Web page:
Inland Empire Economy Grows Faster Than Expected

An analysis released by UCR’s School of Business Center for Economic Forecasting and Development shows the local economy continuing its broad based expansion

workers building a house

A new report points out that the construction of residential properties has moved at a disappointing pace in recent years with fewer than average building permits filed in the Inland Empire.

RIVERSIDE, Calif. (www.ucr.edu) — The Inland Empire’s Gross Metropolitan Product (GMP) grew more than previously estimated, according to a report released today by the UCR School of Business Center for Economic Forecasting and Development. The region’s economic output grew by 2.6 percent annually through the third quarter of 2016, an upward revision from the 2.2 percent growth reported earlier.

The revision, which is in line with the U.S. Bureau of Economic Analysis’ recent revision of U.S. GDP, was due partly to continued strength in the Inland Empire’s leading sector, but also due to upward revisions to the region’s construction industry output, which did not decline as much as previously estimated. This aligns with recent data from the California Employment Development Department that shows strong job growth in the Inland Empire’s construction sector—up by 5.3 percent year-over-year in November.

However, the new UCR School of Business report points out that the construction of residential properties has moved at a disappointing pace in recent years with fewer than average building permits filed in the Inland Empire. This could degrade the region’s affordability advantage over neighboring coastal areas. “More residential construction activity is needed to help keep housing costs in check,” write the report authors.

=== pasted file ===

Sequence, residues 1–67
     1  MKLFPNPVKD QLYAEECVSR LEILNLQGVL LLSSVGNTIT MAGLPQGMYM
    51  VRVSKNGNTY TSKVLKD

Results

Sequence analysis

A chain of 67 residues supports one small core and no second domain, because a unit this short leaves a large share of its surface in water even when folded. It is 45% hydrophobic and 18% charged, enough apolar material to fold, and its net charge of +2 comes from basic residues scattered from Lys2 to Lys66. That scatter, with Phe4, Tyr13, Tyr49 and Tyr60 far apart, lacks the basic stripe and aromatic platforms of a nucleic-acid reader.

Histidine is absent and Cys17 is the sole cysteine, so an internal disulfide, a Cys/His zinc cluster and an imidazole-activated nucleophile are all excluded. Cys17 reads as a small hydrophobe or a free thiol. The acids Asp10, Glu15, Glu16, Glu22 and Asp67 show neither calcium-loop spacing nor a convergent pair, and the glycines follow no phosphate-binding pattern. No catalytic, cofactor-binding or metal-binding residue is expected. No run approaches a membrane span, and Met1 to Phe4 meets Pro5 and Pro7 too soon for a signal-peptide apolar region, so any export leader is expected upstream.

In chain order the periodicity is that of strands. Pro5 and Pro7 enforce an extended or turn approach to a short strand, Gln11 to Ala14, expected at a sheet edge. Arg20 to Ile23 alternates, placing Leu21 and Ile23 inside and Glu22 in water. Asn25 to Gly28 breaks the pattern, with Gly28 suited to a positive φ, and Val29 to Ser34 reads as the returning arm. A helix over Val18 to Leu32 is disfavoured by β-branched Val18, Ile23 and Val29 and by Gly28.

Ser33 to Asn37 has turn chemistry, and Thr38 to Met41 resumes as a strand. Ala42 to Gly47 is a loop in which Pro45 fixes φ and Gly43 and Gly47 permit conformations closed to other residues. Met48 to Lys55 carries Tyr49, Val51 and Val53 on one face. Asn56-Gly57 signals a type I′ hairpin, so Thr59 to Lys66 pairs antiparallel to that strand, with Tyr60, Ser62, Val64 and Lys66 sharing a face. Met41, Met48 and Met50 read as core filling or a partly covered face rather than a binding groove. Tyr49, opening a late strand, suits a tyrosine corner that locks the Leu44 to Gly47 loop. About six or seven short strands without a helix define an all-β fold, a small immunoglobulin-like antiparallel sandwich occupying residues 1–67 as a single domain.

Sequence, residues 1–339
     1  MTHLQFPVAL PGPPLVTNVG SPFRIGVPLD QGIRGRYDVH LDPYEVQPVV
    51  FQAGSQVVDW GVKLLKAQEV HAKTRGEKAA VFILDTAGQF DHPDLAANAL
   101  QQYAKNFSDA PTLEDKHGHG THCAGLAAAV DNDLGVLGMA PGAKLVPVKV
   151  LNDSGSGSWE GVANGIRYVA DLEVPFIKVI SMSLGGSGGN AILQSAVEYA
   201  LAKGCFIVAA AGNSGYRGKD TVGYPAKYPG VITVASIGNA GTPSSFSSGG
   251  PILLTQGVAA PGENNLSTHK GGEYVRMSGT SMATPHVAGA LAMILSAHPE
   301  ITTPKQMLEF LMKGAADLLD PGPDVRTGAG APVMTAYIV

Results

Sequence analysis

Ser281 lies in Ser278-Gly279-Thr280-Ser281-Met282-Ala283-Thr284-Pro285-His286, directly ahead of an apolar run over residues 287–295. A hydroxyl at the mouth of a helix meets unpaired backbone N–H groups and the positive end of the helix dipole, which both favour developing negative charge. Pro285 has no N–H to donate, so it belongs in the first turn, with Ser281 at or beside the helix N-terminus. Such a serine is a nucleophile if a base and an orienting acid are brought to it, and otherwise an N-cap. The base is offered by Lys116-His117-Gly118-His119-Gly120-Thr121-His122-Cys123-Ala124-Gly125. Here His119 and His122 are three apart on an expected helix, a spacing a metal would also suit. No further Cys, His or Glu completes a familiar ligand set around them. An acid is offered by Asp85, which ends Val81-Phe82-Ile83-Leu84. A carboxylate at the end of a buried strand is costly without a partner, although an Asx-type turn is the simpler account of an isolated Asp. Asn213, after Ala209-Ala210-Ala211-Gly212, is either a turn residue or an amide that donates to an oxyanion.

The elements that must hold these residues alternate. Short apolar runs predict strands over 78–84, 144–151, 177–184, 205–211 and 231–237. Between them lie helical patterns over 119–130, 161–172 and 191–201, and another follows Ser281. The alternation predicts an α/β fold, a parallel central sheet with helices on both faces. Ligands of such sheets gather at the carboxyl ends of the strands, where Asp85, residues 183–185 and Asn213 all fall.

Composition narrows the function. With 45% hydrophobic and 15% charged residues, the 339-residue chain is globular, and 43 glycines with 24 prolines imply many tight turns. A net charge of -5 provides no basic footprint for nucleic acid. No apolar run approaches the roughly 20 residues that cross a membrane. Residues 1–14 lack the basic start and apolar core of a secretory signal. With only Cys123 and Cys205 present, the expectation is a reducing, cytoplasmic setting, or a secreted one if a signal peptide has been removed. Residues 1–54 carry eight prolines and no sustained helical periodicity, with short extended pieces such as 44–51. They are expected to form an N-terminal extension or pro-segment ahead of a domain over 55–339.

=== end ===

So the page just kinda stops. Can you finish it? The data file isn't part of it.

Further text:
The analysis also finds that technology industry growth in the Inland Empire continues to lag the state but notes intensifying local efforts to develop a skilled high tech workforce in the region. On the other end of the spectrum, the local manufacturing industry has bucked trends elsewhere in the state and continues to be a source of regional strength, increasing its employment counts.

“Overall, the numbers in this report reflect what is happening on the ground in the Inland Empire economy,” said Robert Kleinhenz, executive director of research at the UCR School of Business Center for Economic Forecasting and Development. “Logistics, manufacturing, and healthcare have been the mainstays of the local economy throughout 2016, and will continue contributing to the region’s growth in the year ahead.”

The December Inland Southern California Gross Metropolitan Product Report is now available.

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